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The Meaning of Symbols
in Psychoanalysis

By J Jones

What is a symbol? Freud defines the symbol as a comparison where the compared term disappears. If we compare, for example, a snake with a staff, when the compared object - the snake - is no longer specified, we only have the staff which could be a symbol for the snake. I did not use by chance this example because staff can suggest more than a snake to Freud.

Symbols appear especially in dreams - in nocturnal and diurnal (fantasies) as well. But they are also present in the awoken life - in the culture of people, in religious believes, in myths and folklore. Symbols are also present in neurosis - or more precisely in their thought content. These symbols that at first sight seem to be very different have a unique signification in Freud's view: they points to the human sexual life, more precisely to sexual organs.

Let's see what had to say Freud about several symbols:

    We have not yet finished with symbols. There are some which we believed we recognized but which nevertheless worried us because we could not explain how this particular symbol had come to have that particular meaning. In such cases confirmations from elsewhere - from philology, folklore, mythology or ritual - were bound to be especially welcome. An instance of this sort is the symbol of an overcoat or cloak. We have said that in a woman's dreams this stands for a man. I hope it will impress you when you hear that Theodor Reik (1920) gives us this information: 'During the extremely ancient bridal ceremonial of the Bedouins, the bridegroom covers the bride with a special cloak known as "Aba" and speaks the following ritual words: "Henceforth none save I shall cover thee!" (Quoted from Robert Eisler). We have also found several fresh symbols, at least two of which I will tell you of. According to Abraham (1922) a spider in dreams is a symbol of the mother, but of the phallic mother, of whom we are afraid; so that the fear of spiders expresses dread of mother-incest and horror of the female genitals. You know, perhaps, that the mythological creation, Medusa's head, can be traced back to the same motif of fright at castration. The other symbol I want to talk to you about is that of the bridge, which has been explained by Ferenczi (1921 and 1922). First it means the male organ, which unites the two parents in sexual intercourse; but afterwards it develops further meanings which are derived from this first one. In so far as it is thanks to the male organ that we are able to come into the world at all, out of the amniotic fluid, a bridge becomes the crossing from the other world (the unborn state, the womb) to this world (life); and, since men also picture death as a return to the womb (to the water), a bridge also acquires the meaning of something that leads to death, and finally, at a further remove from its original sense, it stands for transitions or changes in condition generally. It tallies with this, accordingly, if a woman who has not overcome her wish to be a man has frequent dreams of bridges that are too short to reach the further shore. (From New Introductory Lessons on Psychoanalysis).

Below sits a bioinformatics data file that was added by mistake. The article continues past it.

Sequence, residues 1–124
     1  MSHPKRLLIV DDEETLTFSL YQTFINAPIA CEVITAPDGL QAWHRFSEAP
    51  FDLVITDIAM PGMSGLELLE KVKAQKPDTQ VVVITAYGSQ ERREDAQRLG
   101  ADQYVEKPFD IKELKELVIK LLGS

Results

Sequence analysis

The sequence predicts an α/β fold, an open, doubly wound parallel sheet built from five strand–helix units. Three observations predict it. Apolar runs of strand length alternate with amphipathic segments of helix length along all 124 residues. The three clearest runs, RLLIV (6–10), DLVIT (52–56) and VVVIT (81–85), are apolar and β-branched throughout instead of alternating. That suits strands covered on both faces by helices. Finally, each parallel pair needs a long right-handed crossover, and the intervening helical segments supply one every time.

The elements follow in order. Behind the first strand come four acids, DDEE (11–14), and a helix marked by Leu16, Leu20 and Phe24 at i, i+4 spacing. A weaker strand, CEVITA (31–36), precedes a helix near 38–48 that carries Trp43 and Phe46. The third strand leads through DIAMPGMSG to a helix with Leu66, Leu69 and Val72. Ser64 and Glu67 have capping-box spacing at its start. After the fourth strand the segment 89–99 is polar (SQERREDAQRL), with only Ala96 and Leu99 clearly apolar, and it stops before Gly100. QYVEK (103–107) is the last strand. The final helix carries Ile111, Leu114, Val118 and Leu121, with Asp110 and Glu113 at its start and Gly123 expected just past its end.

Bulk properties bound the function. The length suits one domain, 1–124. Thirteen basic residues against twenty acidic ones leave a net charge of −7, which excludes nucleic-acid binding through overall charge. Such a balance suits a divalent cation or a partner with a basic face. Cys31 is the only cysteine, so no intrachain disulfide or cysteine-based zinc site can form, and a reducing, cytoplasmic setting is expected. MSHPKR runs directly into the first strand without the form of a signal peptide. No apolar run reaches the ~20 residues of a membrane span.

Further readings:

  • The meaning of the symbol of labyrinth (paper) - click here.
  • About the symbols and symbolism at Freud and Jung (paper) - click here.
  • An essay on snake symbolism in dreams and fantasies may be found here.


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